“Proselytism is…

“Proselytism is solemn nonsense, it makes no sense. We need to get to know each other, listen to each other and improve our knowledge of the world around us. Sometimes after a meeting I want to arrange another one because new ideas are born and I discover new needs. This is important: to get to know people, listen, expand the circle of ideas. The world is crisscrossed by roads that come closer together and move apart, but the important thing is that they lead towards the Good.” – Pope Francis

La Repubblica, How the Church will change (2013)

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What the World Needs Now

Yesterday was the Boston Marathon. About 3 hours after the leaders crossed the finish line, at about 2:50 PM, two bombs exploded about 10 seconds apart from each other on Boylston street, one in front of a restaurant right near the finish line and one a couple blocks west, also on Boylston (if you want a map, the New York Times has a pretty good plot of it here). Suddenly, what was supposed to be Bean Town’s crowning glory, a collective roar of pride and joy, turned into a scene of war, destruction, and devastation. A nightmare unlike anything many people have ever seen here in the United States, with the exception of those who were at the World Trade Center attacks in 2001.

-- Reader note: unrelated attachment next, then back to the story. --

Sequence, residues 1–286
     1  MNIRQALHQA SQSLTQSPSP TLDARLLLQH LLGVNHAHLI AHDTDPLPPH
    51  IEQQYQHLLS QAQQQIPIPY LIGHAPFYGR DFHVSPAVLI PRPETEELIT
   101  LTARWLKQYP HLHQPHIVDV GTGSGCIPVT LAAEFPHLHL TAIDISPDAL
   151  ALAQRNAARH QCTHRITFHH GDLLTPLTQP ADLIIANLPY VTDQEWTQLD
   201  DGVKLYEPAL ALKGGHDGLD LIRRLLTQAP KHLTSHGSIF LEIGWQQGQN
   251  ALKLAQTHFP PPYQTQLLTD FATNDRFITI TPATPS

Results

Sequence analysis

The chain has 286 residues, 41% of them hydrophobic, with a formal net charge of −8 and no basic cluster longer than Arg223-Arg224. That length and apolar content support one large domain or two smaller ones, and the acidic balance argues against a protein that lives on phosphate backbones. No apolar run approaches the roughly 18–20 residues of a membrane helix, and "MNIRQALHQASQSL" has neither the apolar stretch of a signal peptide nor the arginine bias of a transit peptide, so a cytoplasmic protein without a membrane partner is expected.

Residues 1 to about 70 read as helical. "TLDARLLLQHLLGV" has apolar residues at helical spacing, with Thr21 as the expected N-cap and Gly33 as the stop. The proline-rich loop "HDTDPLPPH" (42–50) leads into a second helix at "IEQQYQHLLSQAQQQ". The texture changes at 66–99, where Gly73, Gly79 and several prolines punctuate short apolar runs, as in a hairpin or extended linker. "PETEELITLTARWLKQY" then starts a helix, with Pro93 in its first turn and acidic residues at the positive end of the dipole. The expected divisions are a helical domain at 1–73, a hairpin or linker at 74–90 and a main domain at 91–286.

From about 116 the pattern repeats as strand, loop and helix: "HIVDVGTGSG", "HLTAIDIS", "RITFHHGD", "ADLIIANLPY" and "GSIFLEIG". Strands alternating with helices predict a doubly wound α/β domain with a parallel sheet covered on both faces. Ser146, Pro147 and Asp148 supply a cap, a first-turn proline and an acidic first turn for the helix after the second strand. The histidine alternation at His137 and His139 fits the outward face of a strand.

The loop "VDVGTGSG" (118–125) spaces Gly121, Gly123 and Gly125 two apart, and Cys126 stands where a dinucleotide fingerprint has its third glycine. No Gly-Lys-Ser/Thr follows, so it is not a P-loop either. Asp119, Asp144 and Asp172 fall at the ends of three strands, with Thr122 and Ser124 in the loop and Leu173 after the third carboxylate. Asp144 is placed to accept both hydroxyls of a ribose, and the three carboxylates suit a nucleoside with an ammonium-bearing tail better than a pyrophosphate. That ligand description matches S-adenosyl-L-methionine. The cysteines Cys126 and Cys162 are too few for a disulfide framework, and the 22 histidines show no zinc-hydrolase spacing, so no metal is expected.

I’m sitting at home reading story after story of people who were hurt, people who made it home safe, and those who went into the fray to see what they could do to help. I’m both horrified and still reeling at the reality of it all, but also awed and inspired by the humanity of those in the area who immediately sprang into action. Even the outpouring of calls, tweets, texts, and facebook messages I got from people in far away places (as well as here in Boston) were heartening to me because in times of peril we really show we care. When people are hurt, we don’t shake our fist; we run to help the fallen.